Most classifiers are notoriously bad at unbalanced problems because they optimize error, accuracy or f-measure which is basically saying all INSTANCES are equal. On the other hand measures like ROC AUC, Gini, Informedness, Correlation and Kappa are designed on the assumption that all CLASSES are equal. Another possibility is that you COST classes or instances explicitly and use that as a basis for optimization.
In your case, saying everything is C will net you an accuracy of 80.7 and most neural network and tree classifiers have a bias to this for such an unbalanced set. However, the chance-correct evaluation of this is 0 (Gini=Youden=Informedness=Correlation=Kappa=0 means chance level performance is obtained). Any model which allocates A% to A, B% to B, C% to C randomly should average out (over multiple runs) to 0 for these measures. The "say everything is C" model arbitrarily allocates 0% to A, 0% to B, 100% to C (randomly with the indicated probability).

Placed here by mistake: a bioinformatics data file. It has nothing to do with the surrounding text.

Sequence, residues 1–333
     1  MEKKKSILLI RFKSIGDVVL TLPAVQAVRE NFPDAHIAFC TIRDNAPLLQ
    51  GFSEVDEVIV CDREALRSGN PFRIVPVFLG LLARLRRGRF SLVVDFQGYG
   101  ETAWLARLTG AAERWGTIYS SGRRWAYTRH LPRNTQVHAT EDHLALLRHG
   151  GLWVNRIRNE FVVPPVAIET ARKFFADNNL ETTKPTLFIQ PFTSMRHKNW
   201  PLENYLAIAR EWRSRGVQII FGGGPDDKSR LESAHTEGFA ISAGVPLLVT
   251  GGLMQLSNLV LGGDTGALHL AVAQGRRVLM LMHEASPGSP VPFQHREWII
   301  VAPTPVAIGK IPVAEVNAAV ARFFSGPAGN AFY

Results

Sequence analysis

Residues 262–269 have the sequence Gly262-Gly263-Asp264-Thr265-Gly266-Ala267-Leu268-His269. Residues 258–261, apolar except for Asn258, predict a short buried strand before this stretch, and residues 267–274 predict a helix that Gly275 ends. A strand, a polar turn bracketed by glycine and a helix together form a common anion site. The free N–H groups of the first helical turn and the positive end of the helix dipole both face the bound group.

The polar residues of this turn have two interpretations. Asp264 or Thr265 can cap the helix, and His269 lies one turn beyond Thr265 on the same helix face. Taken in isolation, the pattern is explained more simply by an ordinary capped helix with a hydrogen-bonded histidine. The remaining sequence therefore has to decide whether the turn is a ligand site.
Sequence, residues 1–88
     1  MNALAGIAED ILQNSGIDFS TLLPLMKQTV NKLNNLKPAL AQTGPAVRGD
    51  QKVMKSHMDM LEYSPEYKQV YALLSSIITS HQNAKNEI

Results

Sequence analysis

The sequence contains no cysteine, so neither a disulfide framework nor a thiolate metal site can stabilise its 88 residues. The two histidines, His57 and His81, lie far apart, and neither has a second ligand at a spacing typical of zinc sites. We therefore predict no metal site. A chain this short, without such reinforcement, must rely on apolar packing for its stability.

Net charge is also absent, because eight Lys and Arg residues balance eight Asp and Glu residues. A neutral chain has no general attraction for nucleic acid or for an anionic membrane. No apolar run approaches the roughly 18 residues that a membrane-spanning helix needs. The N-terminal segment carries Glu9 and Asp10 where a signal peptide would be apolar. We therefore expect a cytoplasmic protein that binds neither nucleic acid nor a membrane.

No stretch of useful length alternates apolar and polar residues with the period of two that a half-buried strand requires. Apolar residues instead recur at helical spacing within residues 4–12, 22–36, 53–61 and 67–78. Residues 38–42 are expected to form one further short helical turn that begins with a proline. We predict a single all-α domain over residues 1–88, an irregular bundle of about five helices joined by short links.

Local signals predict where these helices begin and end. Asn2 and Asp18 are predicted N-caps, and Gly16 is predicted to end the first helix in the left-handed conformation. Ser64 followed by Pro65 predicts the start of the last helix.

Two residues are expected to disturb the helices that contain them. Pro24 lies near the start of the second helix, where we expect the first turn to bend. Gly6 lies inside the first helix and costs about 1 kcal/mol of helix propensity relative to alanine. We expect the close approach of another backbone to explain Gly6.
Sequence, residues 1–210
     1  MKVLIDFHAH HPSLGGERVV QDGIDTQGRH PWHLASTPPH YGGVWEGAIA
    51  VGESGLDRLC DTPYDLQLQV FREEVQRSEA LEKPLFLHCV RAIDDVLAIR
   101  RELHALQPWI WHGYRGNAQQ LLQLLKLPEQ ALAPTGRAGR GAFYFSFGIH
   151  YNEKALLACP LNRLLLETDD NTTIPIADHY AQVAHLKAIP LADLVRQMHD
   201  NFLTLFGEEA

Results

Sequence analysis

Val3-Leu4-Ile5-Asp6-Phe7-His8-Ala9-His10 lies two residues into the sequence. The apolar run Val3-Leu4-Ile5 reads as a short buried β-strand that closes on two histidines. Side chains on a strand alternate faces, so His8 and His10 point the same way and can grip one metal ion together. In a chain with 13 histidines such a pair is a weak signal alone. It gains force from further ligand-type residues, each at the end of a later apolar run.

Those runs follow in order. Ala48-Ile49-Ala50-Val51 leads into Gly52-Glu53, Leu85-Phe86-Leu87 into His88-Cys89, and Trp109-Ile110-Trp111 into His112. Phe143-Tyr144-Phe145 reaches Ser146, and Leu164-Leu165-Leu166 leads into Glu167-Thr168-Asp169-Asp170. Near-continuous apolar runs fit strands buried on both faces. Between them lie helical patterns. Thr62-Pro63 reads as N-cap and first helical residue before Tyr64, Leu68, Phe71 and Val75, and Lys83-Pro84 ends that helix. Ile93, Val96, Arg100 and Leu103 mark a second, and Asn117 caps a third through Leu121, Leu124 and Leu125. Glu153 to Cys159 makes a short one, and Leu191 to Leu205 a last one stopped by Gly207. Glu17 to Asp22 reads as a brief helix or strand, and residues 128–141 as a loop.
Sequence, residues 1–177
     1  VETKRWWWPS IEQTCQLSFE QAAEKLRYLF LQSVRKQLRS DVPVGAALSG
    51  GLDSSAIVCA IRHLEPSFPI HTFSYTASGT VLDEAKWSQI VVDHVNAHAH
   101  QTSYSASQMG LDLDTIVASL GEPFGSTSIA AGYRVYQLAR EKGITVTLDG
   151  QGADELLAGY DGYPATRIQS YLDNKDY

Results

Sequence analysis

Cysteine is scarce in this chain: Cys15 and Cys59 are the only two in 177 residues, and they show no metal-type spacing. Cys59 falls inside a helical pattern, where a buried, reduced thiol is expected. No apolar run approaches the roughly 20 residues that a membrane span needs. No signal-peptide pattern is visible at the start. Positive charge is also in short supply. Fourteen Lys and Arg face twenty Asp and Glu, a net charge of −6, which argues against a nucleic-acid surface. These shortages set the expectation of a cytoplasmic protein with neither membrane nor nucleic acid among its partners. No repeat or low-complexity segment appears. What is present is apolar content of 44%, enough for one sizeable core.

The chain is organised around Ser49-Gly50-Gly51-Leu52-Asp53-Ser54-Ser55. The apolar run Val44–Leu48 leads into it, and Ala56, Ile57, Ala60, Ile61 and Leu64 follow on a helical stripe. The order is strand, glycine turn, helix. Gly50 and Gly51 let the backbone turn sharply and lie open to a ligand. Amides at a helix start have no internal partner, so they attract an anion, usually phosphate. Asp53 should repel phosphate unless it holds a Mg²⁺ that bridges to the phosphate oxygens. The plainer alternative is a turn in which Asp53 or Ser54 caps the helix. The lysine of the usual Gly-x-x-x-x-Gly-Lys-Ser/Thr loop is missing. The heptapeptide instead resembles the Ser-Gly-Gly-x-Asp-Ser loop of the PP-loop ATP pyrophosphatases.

You need to look for algorithms that optimize the measure you are interested in, viz. ROC AUC or Gini or Informedness (chance-correct learning), or explicitly balance (balanced learning), or allow you to specify class or instance costs explicitly(cost-sensitive learning). On the other hand, some algorithms explicitly debalance (nodes in a decision tree or stages of boosting for example).
I've written several papers about these issues, including deriving chance-correct versions of both NN and Boosting algorithms. There are a lot of people using Kappa and AUC - but you need to look particularly at those addressing the multiclass case. And there is a growing literature on balanced/unbalanced/rebalanced learning.